In recent years several studies in the field of chronic obstructive pulmonary disease (COPD) have addressed the impact of comorbidities on the phenotypic presentation of an individual patient [1]. Epidemiological studies have investigated the prevalence of comorbidities in COPD patients and have reported clear associations between COPD and other chronic diseases, such as cardiovascular, cancer, and metabolic diseases as the most frequent ones. Since then the awareness for coexisting diseases in COPD patients has been steadily growing and their role on increased morbidity, worse prognosis, and higher economic burden has currently been recognized.

Notwithstanding, the clinical and pathophysiological links between COPD and other chronic conditions remain controversial and are largely unknown. Some authors suggest that COPD may favor the development of other diseases via the spilling of inflammatory mediators from the lung to the systemic circulation. They indirectly support the idea of a causal relationship between COPD and its comorbid conditions. Others claim that the association of COPD and coexisting diseases is only based on the presence of common risk factors [2], and there is also cumulating evidence about activation of neurohumoral response [3]. In particular, metabolic abnormalities and physical inactivity on top of smoking may accumulate and intensify as COPD and its coexisting diseases progress. From this point of view, the term “multimorbidity” better reflects the concept of chronic complex patients with COPD rather than that of COPD patients with chronic comorbidities [4]. Moreover, advantageous to the multimorbidity concept is that its recognition in elderly adults also highlights the role of risk factors and premorbid conditions in COPD as unexplored pathways for intervention [5]. A comprehensive and individualized approach is therefore warranted, and rehabilitation in its broadest meaning may appear as best interventional process to assess, care, and manage according to this holistic view [6, 7].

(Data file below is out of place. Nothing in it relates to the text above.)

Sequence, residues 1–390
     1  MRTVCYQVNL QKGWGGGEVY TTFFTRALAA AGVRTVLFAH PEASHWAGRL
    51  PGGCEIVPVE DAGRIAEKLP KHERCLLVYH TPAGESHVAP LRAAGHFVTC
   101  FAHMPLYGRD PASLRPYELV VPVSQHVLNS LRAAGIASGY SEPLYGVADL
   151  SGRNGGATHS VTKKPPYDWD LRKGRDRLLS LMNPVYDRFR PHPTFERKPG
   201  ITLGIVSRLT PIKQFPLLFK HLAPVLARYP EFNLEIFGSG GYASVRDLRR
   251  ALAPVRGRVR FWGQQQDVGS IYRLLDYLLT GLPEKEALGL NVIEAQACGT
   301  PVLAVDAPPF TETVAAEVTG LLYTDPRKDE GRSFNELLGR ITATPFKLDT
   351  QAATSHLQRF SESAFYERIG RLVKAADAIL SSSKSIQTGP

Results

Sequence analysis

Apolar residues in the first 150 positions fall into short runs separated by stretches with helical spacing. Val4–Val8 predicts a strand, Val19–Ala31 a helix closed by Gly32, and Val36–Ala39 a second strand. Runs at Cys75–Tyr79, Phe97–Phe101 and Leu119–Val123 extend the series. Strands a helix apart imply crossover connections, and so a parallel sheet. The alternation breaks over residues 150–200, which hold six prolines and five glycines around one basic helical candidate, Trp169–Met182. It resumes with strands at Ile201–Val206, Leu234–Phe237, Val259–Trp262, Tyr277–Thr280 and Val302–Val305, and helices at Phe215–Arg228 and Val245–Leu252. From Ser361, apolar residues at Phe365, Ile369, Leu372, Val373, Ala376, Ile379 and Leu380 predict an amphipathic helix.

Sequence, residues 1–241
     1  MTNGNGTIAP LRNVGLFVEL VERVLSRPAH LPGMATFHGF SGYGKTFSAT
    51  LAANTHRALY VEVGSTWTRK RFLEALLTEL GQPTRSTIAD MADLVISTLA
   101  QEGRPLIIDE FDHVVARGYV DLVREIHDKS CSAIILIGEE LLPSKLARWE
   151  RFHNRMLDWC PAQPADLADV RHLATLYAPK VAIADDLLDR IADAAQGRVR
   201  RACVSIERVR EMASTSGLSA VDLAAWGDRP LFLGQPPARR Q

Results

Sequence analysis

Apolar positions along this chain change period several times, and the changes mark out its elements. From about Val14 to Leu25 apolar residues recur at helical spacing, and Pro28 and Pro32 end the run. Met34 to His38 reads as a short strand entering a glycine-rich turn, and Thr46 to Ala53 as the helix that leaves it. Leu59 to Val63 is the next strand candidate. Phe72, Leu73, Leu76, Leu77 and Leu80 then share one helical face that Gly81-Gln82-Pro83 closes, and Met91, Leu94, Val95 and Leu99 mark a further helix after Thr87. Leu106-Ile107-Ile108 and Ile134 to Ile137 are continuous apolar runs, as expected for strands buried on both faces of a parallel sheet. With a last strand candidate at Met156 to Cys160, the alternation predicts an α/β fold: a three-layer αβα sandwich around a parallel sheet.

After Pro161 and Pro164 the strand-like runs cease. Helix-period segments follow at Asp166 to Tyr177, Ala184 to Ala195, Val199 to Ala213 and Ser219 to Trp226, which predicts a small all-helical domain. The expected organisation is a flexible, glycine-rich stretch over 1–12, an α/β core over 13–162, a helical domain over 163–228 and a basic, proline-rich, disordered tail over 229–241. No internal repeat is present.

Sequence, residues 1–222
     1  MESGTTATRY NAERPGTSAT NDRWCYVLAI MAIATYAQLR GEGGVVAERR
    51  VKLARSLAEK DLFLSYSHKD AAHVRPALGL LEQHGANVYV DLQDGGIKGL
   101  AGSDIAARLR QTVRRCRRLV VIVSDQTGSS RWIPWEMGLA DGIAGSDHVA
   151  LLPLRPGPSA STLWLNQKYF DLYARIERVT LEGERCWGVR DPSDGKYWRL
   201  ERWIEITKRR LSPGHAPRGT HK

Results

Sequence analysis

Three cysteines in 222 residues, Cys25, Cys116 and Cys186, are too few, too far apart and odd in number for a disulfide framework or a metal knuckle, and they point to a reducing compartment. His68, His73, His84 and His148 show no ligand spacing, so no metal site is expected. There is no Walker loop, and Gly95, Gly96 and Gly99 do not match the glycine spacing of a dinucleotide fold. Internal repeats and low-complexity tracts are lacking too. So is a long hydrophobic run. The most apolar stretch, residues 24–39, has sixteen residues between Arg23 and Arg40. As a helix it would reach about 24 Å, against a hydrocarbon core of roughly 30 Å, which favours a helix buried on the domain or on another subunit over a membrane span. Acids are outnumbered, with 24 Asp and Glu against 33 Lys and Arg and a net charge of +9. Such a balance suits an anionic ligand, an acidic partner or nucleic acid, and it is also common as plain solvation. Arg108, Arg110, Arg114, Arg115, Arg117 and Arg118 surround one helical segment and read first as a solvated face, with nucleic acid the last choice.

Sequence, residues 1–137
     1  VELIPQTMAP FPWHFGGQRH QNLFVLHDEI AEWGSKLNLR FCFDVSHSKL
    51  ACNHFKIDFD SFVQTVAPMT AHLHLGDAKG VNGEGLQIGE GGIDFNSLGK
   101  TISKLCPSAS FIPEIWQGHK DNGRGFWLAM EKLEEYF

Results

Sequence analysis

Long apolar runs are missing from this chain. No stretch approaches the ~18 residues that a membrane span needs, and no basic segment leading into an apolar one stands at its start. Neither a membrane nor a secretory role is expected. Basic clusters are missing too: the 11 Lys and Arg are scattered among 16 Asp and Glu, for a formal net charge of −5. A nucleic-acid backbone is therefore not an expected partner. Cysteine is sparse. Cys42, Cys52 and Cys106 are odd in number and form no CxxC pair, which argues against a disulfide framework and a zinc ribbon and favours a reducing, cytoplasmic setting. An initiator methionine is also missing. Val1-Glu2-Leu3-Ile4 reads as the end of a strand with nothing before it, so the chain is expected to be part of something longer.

The articles published within the special issue tackle these concepts and review some important areas of both assessing the presence of relevant coexisting conditions in COPD, as well as evaluating the effect of comprehensive care dedicated to these patients. In particular, the analysis of specific phenotypic clusters of these individuals, the presence of specific conditions which may worsen prognosis and quality of life, such as musculoskeletal disorders and dysfunction, the cognitive impairment, and the cardiovascular problems are reported. Moreover, the effectiveness of a rehabilitation course and associated problems, in such complex patients, is also reported in separate contributions.

In conclusion, actual evidence suggests that patients with multimorbidity represent a huge part of the elderly population, being COPD one component, not necessarily the most important, of this clinical phenotype that requires a comprehensive assessment, care, and long-term management. The respiratory community should recognize this complexity of chronic care in patients with COPD, and health care providers should carefully consider all strategies of primary and secondary prevention in the adult population.

Enrico Clini
Piera Boschetto
Mitja Lainscak
Wim Janssens